University of Miami

Rosier, Testaverde are finalists to be Kaaya’s backup

Brad Kaaya discusses the battle for the Canes backup QB job

University of Miami Hurricanes quarterback Brad Kaaya talks Friday, Aug. 19, 2016, about Vincent Testaverde and Malik Rosier and what they need to do to win the job.
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University of Miami Hurricanes quarterback Brad Kaaya talks Friday, Aug. 19, 2016, about Vincent Testaverde and Malik Rosier and what they need to do to win the job.

And then there were two.

University of Miami coach Mark Richt announced Friday the backup quarterback job will be won either by redshirt sophomore Malik Rosier, Brad Kaaya’s backup last season, or redshirt sophomore Vincent Testaverde, a walk-on and transfer from Texas Tech whose father won a Heisman trophy at UM.

Redshirt freshman Evan Shirreffs, who had been taking second-team reps for most of camp, did not make the cut. Kaaya later revealed Shirreffs has been dealing with an injury to his throwing hand since the start of camp. Meanwhile, several players said it’s expected that highly touted freshman Jack Allison will redshirt this season.

Richt plans to spend the final two weeks leading up to the Sept. 3 season opener against Florida A&M letting Rosier and Testaverde split all of the second-team reps.

“It’s not 100 percent solid that one of those two will be the No. 2, but they’re in the driver’s seat right now,” Richt said. “All these guys, even the top two, they’ve not done everything like we want it done on a consistent basis. But they’ve shown flashes, and they’re a little more solid, maybe, in their accuracy or the decision-making process.”

Richt remained consistent in saying Rosier has to do a better job of making the smart play and not trying to be a hero. Kaaya said Testaverde has improved his mechanics and “throws a tight spiral.”

“I need someone to run the system,” Richt said. “I need someone to do what they’re supposed to do on a down-by-down basis. Just be consistent in your reads, be consistent in your accuracy, be consistent in getting us in the right place, be consistent in declaring who the Mike linebacker is and our run and passing game schemes to let everyone know who to block. Those are the things they have to do.”


Freshman wide receiver Dionte Mullins, finally cleared by the NCAA’s eligibility center on Thursday, worked alongside his teammates in a pair of shorts and a helmet for the first time. Richt raved about a play Mullins made in his second practice.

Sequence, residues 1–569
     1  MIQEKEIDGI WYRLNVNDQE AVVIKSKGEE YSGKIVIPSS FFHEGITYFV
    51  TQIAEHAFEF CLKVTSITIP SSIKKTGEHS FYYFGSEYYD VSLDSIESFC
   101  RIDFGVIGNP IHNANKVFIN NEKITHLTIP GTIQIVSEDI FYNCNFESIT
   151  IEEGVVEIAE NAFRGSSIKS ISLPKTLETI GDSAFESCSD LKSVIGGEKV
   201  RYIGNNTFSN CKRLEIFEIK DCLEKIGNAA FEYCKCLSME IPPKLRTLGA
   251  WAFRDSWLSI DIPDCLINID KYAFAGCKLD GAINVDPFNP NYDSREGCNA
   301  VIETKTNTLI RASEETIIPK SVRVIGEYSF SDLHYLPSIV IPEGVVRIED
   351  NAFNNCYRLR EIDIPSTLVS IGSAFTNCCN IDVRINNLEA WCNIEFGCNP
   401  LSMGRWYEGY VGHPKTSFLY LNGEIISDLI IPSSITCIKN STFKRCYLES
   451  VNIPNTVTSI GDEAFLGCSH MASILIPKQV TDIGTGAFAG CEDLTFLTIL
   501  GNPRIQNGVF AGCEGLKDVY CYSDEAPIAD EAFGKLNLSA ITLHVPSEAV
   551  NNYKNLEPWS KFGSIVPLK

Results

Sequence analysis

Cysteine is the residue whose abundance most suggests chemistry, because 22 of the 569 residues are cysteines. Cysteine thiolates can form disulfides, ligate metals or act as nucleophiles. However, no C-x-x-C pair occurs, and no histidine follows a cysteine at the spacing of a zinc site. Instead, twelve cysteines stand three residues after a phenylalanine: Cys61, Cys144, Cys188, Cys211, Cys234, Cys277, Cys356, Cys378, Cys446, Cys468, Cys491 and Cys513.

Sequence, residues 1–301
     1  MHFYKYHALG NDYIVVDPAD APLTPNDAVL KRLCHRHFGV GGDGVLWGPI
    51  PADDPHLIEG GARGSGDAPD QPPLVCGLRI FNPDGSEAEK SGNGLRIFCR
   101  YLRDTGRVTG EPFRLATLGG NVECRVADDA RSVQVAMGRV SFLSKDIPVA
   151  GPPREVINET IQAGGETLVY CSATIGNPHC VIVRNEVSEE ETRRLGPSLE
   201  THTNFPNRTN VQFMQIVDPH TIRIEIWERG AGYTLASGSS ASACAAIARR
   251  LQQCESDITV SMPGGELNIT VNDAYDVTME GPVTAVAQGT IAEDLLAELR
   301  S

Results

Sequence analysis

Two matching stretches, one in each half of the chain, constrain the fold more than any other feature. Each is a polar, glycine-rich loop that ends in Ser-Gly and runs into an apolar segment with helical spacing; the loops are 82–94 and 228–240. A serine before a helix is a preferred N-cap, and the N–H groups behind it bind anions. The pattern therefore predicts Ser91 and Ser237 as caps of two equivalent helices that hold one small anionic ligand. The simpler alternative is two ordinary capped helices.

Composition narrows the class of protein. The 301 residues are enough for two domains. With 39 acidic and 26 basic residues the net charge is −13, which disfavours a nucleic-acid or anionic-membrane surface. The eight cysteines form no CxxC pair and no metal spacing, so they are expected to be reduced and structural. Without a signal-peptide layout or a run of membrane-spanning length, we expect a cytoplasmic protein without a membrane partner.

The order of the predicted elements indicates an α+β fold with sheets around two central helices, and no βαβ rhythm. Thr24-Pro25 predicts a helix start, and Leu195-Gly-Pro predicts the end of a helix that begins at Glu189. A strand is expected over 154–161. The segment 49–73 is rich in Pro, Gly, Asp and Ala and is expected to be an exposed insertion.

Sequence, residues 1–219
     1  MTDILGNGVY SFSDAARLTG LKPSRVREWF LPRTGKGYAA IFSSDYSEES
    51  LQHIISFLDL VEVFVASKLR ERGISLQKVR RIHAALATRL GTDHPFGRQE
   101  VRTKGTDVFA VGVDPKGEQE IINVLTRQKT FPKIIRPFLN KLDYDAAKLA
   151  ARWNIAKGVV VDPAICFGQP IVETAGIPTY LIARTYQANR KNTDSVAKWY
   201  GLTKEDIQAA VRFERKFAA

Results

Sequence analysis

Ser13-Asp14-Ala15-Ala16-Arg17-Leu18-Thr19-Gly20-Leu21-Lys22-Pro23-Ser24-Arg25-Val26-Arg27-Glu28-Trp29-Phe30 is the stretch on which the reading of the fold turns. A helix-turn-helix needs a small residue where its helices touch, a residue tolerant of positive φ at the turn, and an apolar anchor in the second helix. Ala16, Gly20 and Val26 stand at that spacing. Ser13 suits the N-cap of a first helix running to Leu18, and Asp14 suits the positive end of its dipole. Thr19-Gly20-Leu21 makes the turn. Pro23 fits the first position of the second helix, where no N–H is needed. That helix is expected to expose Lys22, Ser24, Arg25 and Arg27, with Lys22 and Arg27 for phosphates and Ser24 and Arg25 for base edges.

Kaaya said Richt is a big fan of Mullins and that his coach refers to the former Miami Gulliver Prep Under-Armour All-American as “jingle joints.”

“He ran a little stop route, the ball was a little high, he snatched it, tucked it and turned up field, nice and smooth,” Richt said of Mullins. “Looks like a really smooth athlete.”

Because of the NCAA’s mandatory five-day waiting period, Mullins will not be able to practice in full pads until he completes five practices/workouts. With UM off on Sunday, that means Mullins wouldn’t be able to practice in full pads until Wednesday.


Richt said he feels comfortable with about “six to seven” of the team’s offensive linemen being able to handle assignments in a game.

“[That’s] assignment and just the skill set to get the job done, and being able to do it on a consistent enough basis to have some peace,” Richt said.

Who is in that group? Aside from the regular first-team unit — left tackle Trevor Darling, left guard Kc McDermott, center Nick Linder, right guard Danny Isidora and right tackle Sunny Odogwu — likely backup interior lineman Alex Gall and sophomore tackle Tyree St. Louis.

“There’s other guys that at least know what to do, and you can function like that,” Richt said. “If a lineman knows what to do and puts his hat in the right spot, and he fights like mad, even if he’s not dominating, you can function and play.”

St. Louis has been taking first-team reps at right tackle and some at left tackle recently. Gall, a senior, can play all three interior spots.

Redshirt freshman Bar Milo, a four-star recruit from the same high school as Kaaya in California, said he’s been moved from tackle to left guard in the past week. He admitted Friday he’s struggled in camp but feels like the move might be for the best.

“Earlier in training camp, I was having a rough time,” Milo said. “I was having mental issues. I went to Coach [Richt] and told him, and I can’t thank him enough for how patient he has been with me. I haven’t been playing how I wanted to this training camp, but I’m starting to get back into that fun, festive mood that I’m usually in when I get on the field, taking pride in the protection.”